(Apologies if this is the wrong stackexchange, it seems the most appropriate)

When rewinding a VHS tape on an analog player (i.e. a VCR hooked up to a (CRT?) TV) when rewinding, or fast-forwarding, and regardless of video format (NTSC vs PAL vs SECAM) we're always treated to the same effect: a relatively clear window into the video playing backwards (or forwards), overlayed with two or three bars of static. I found a good example on YouTube here (around the 00:06 - 00:10 time):

What causes this? How does the action of the helical-scan tape over the read head cause these artifacts?

I also wonderred: when rewinding, if the VHS tape is playing backwards, and the video signal is scanned one scanline-at-a-time, how is it the video display is not vertically and horizontally inverted? Even on early, pure-analog VHS players lacked framebuffers yet when rewinding their displayed the video in the correct orientation, how was that possible?

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    It has been a long time since I was responsible for tape decks, especially analog ones, but here is what I think is happening. The tape is moving backwards, but the head is still spinning forwards. In other words, the head does not reverse directions. That means that the head and the tracks don't line up properly, which gives you the static. That's also how the image isn't inverted: the electrical system isn't reversed, just the mechanical, tape transport. – Michael Liebman Dec 20 '16 at 1:11
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    @MichaelLiebman If the head isn't aligned with the tape, how is it the video field(s) still fill the output frame? – Dai Dec 20 '16 at 1:12
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    The heads are always going to output the same number of lines, whether they encounter properly aligned tracks or not. When misaligned, it reads what ever is under the head as static, since it is analog system. – Michael Liebman Dec 20 '16 at 1:16
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    @Dai Also, note that the mechanical part of the playback doesn't output the video "one scanline at a time". The head isn't scanning lines, it's scanning video fields (262.5 lines in NTSC), each one a modulated RF 'bundle' that contains the combined mono portion of the video and a subcarrier with the color-difference portion. – Jim Mack Dec 21 '16 at 0:42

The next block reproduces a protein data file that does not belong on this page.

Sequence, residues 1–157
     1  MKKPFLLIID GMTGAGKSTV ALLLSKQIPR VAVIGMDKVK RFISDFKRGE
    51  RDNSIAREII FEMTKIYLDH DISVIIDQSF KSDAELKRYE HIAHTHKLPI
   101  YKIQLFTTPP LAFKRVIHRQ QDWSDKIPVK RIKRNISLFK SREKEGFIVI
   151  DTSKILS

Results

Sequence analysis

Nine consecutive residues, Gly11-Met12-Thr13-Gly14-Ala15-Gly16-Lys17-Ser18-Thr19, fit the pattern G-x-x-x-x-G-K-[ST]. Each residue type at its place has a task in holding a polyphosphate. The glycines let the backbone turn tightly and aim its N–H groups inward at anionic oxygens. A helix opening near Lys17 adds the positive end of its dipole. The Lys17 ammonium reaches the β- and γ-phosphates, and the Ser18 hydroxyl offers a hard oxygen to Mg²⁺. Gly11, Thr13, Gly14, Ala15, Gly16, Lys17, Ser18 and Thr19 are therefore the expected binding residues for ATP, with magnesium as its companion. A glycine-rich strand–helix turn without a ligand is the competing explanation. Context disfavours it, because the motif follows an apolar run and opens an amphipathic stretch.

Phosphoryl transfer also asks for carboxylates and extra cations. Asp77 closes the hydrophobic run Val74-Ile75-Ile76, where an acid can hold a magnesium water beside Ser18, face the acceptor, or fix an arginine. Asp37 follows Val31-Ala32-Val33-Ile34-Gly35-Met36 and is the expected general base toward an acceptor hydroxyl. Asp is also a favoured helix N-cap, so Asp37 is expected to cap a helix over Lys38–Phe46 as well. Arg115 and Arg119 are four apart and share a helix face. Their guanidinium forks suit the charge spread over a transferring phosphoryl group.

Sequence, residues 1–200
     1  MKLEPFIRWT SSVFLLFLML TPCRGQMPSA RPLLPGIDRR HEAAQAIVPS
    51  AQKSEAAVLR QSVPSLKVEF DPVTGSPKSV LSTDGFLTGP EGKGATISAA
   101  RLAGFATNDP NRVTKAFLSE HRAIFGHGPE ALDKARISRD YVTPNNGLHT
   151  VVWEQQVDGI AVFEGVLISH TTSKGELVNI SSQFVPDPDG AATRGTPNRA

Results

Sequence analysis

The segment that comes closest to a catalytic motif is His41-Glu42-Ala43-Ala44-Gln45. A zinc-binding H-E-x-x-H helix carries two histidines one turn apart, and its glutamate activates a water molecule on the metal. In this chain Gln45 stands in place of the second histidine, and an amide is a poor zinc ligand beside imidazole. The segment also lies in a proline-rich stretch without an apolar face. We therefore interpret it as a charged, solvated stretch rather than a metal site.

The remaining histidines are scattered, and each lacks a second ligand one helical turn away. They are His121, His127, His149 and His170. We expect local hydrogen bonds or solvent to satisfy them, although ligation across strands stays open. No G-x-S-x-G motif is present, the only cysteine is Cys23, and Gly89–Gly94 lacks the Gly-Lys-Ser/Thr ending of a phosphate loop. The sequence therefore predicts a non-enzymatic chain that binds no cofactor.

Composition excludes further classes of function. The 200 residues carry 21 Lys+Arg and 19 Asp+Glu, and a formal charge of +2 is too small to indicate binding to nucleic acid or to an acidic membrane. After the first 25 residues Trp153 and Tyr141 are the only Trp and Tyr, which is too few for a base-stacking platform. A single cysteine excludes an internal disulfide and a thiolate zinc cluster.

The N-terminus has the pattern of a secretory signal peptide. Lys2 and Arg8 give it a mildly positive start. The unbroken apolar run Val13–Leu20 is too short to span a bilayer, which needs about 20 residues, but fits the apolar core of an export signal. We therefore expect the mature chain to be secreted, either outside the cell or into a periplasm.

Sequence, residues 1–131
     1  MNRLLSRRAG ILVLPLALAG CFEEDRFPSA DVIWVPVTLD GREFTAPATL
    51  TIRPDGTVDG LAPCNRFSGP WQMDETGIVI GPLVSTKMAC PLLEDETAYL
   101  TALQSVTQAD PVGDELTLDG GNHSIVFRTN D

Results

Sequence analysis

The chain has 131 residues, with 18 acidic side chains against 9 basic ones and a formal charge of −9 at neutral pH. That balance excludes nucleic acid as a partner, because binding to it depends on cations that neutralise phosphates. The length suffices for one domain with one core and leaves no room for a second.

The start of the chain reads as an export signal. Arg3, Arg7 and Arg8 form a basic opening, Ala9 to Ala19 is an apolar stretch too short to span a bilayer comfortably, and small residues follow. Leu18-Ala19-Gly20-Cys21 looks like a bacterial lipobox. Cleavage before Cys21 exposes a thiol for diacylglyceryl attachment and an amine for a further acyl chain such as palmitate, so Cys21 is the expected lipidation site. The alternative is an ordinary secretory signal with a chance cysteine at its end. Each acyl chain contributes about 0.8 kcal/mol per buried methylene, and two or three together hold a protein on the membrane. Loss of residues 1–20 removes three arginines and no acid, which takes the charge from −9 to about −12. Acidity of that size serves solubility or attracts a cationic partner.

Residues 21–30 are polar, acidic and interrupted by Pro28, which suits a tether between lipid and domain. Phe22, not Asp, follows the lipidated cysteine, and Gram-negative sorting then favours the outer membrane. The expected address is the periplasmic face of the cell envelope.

In helical-scan video players, the tape is wrapped around a rotating drum that has one or more magnetic pickups (heads) that are the width of a track and angled slightly from true horizontal. Each track is several inches long and laid down diagonally at (roughly) the same angle as the head is tilted. (The angles differ because the relative motion of the tape and heads causes a precession, an "active angle").

When the tape is moving forward at normal speed, the rotating head aligns with the angled tracks and all is fine. When the tape moves in reverse the angles are misaligned, and when the motion is faster than normal the heads will "sample" more than one track during a video frame, and pick up some of the inter-track guard space as well (the static).

This is what you see when you rewind. Nothing about the orientation of the data on tape changes, so there's no reason for the images to be inverted. If the drum rotated in a different direction then you'd see something else.

an image from the Wikipedia page for VHS

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    Thanks for confirming my memory and explaining it better than I did. – Michael Liebman Dec 20 '16 at 23:37
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    @MichaelLiebman No problem. It's always good to find a use for otherwise obsolete knowledge. (-: – Jim Mack Dec 21 '16 at 0:55
  • I understand most of your answer - but I don't understand this part "When the tape moves in reverse the angles are misaligned" - could you visually explain that with a diagram? – Dai Feb 11 '17 at 4:24

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